Another popular type of wood for painting cabinets is poplar, mostly because it’s cheap and delivers a smooth finish. However, you must properly sand the surface and clear it off of any debris before applying the paint. If you want to avoid this hassle, you may also order fully-sanded and paint-ready cabinet doors offered by certain brands.
If you’re looking for an easy choice, birch can fit into the bill. The wood offers an excellent surface for absorbing paint while also delivering a beautiful and consistent finish. Unlike hardwood materials, birch is plywood that comes with intricate grain patterns which help prevent scratches and dents. Compared to maple, cherry, alder, and other types, birch is more resistant to blemishes.
Here’s one of the best wood for painted cabinets with a closed grain, cherry wood. However, one of the downsides is that it can easily get a dent or scratch. When you paint cherry, it might not be consistently smooth due to the tiny knots that appear on the surface. But worry not! You can easily fill in these knots and still get a smoother finish.
There’s another thing that you need to keep in mind while painting cherry. The wood contains a pinkish tannic acid that can bleed into your paint if you don’t prep the surface with a solvent-based primer. Owing to its naturally dark shade, you might have to apply multiple coats of paint for the color to show. An easier alternative is to apply spray paint, which will save you time while also allowing you more control.
Alder is a closer to cherry in terms of the shade. It has a naturally smooth texture with straight grains. Thanks to the mild density of the wood, it absorbs color quickly and is super to easy to paint. However, one major issue with alder is that it can easily dent. When you buy cabinets crafted from alder, you need to maintain them regularly and be gentle with the usage. As its supply isn’t as ample as the other wood species, alder is slightly on the higher side of cost.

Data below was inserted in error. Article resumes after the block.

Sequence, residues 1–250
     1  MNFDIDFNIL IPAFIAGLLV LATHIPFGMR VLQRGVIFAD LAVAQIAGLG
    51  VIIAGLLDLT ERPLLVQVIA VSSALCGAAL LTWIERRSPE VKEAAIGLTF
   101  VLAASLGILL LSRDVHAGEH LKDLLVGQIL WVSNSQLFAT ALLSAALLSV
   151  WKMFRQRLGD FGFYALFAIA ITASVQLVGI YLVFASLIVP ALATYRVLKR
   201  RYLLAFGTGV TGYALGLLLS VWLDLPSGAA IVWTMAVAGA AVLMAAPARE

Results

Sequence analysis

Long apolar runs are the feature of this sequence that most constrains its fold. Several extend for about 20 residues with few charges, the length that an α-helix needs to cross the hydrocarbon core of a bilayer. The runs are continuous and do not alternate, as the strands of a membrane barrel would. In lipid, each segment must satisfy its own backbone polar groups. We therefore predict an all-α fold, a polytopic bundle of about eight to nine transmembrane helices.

Oak is grainier than most other wood species but is a killer when it comes to strength and durability. There are two varieties of oak: red and white. Although both have a coarse texture, they come with excellent sanding properties. Since oak is extremely porous, you need to fill the grains with a specialized filler before applying paint. While it might take a long time to fill these grains, it’s going to last you a long time and you wouldn’t have to worry about refilling them for years.
Just like cherry, oak is also known for tannin bleed. So, make sure you apply a solvent-based primer to avoid witnessing a yellowy hue in your paint. Oak might not have a naturally smooth texture like maple, but it can look really appealing if it’s primed and painted carefully.
Whatever type of wood you choose to paint, make sure that it’s sturdy and has closed grains. For woods with coarser textures, you will have to first fill the grains and then proceed to priming and painting them. If you’re still doubtful, consult a professional to figure out what would work best on your cabinets. Lastly, remember to follow instructions and thoroughly prepare your kitchen cabinets before you start painting.